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SLU Digital Collections, The Archivist’s Perspective

Curator of our Special Collections Mark McMurray has a stake in our digital collections work, rooted in what he does in a particularly pronounced way.  Nobody in the SLU Libraries thinks more about paper than Mark—along with his work in Special Collections he runs a small press called Caliban press, and has taught book arts courses of one ilk or another over several semesters.  For Mark, the relationship between digital initiatives and Special Collections is one where our digital projection can “introduce, emphasize, and provide access.” The greater whole for Mark is firsthand experience with a particular text, and if digital collections can provide a framework for this by being “a malleable form of the archive that can be seamlessly integrated into course syllabi,” more the better.  One of the upcoming projects is the civil war letters of Darwin and John Sunderland.  The Sunderland’s were brothers from Rensselaer Falls.  Darwin soldiered in the 106th New York Infantry, and was killed in combat in Virginia in May of 1864. John served in the 11th New York Cavalry, and died of small pox in New Orleans in December of 1864.  The letters offer an insight into the lives of soldiers in the civil war, made all the more vivid by the connection to St. Lawrence County. For Mark they are also a study in how fulfilling the “introduce, emphasize and make accessible goal.”  First there is work to conceptualize of how to integrate the collection into the various online spaces wherein it might fit: the Digital Collections Page, the SLU Libraries catalog, and the libraries’ Encore search.  The second, and somewhat more challenging task, is how to include the Finding Aide for the collection in its digital incarnation.  Finding Aides are descriptions of manuscript collections, and are essential in helping scholars make effective use of their time when working with substantive collections.  These documents represent the work of years and many staff, and Mark doesn’t want lose this in the “digital sauce.”  “The Finding Aides are relevant to successfully using the collection, but how do we ensure that our digital uses understand the relevance of Finding Aides?”  An archivist’s dilemma as library staff work to understand readers and digital objects, and, perhaps, work digital objects into artifacts that students understand as objects to be read.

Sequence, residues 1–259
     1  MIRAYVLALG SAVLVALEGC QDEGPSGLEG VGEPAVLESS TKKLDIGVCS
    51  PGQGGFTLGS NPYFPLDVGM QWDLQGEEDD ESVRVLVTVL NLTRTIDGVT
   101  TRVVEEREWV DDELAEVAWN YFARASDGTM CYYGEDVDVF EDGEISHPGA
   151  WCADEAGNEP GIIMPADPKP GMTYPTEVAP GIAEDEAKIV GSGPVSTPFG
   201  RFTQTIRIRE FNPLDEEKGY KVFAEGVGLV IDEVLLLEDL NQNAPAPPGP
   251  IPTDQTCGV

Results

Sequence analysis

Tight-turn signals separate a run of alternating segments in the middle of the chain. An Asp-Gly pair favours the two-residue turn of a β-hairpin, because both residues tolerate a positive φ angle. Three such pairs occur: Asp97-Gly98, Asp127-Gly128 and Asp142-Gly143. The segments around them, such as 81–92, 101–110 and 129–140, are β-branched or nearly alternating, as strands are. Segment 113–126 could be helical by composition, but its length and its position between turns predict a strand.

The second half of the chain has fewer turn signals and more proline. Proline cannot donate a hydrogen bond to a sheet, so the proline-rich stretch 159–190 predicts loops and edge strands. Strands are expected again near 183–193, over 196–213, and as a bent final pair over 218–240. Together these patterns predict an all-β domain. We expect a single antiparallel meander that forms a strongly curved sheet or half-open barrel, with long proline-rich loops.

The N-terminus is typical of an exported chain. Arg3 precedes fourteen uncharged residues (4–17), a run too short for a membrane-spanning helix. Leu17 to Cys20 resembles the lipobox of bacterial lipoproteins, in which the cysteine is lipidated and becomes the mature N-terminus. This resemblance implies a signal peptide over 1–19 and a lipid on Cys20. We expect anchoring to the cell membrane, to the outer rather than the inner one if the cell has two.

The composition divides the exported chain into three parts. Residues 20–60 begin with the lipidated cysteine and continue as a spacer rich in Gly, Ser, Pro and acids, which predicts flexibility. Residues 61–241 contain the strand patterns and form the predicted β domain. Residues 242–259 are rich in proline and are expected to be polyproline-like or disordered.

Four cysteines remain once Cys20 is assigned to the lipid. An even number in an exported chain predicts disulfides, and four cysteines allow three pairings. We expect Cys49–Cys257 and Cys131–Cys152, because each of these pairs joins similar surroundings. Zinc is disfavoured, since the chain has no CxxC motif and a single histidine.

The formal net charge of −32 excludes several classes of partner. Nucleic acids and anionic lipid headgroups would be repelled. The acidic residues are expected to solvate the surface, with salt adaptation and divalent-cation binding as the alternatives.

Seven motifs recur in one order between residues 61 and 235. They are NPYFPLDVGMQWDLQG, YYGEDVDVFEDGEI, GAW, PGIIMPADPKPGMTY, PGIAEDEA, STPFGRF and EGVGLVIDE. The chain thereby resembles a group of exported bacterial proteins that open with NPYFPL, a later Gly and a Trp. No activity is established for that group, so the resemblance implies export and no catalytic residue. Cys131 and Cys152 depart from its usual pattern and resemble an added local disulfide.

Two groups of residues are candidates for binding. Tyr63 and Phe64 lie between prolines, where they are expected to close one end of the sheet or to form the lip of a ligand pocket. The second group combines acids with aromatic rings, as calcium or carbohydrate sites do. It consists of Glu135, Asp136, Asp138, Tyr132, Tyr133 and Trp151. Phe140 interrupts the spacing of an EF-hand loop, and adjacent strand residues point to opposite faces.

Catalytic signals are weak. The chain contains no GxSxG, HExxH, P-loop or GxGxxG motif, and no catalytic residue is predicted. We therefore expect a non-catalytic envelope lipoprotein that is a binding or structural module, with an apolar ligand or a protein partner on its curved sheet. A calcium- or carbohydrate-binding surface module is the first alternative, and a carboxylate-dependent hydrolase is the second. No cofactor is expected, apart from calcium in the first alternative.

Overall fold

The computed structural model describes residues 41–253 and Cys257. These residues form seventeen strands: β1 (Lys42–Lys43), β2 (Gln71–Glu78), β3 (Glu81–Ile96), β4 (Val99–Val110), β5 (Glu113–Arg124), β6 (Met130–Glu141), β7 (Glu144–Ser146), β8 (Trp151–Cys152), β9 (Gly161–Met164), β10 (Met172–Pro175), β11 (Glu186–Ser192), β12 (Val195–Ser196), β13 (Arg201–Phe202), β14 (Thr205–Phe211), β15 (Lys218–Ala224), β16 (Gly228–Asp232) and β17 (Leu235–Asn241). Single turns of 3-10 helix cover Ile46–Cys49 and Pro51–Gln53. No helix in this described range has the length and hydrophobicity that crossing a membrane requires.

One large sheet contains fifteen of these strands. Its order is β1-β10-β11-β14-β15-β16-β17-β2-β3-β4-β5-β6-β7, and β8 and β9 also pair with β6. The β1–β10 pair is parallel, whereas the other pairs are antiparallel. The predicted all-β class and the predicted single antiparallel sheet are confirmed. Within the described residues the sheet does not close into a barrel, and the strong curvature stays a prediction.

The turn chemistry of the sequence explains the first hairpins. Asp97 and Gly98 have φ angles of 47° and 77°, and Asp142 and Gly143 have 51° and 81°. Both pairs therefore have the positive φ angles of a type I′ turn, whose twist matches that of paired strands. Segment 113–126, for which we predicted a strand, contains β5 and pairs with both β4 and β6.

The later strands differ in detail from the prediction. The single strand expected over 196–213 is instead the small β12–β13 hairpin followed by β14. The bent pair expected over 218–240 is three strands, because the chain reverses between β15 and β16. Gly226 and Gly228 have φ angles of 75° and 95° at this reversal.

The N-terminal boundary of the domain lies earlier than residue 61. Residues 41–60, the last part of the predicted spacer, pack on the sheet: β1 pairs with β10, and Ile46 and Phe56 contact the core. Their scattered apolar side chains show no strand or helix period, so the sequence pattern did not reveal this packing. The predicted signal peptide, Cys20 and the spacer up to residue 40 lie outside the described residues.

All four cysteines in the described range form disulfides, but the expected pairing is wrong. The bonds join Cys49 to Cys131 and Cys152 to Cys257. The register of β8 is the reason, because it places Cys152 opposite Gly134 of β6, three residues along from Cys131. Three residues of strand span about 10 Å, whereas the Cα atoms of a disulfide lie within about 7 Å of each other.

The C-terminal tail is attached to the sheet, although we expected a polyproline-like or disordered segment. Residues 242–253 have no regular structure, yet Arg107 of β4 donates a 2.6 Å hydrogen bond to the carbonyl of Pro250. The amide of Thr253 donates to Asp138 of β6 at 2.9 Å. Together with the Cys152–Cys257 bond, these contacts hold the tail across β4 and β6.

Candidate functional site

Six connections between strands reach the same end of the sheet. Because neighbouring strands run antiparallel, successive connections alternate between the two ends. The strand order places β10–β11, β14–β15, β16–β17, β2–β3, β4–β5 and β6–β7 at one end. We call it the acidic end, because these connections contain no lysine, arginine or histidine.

~ by pdoty on April 1, 2011.

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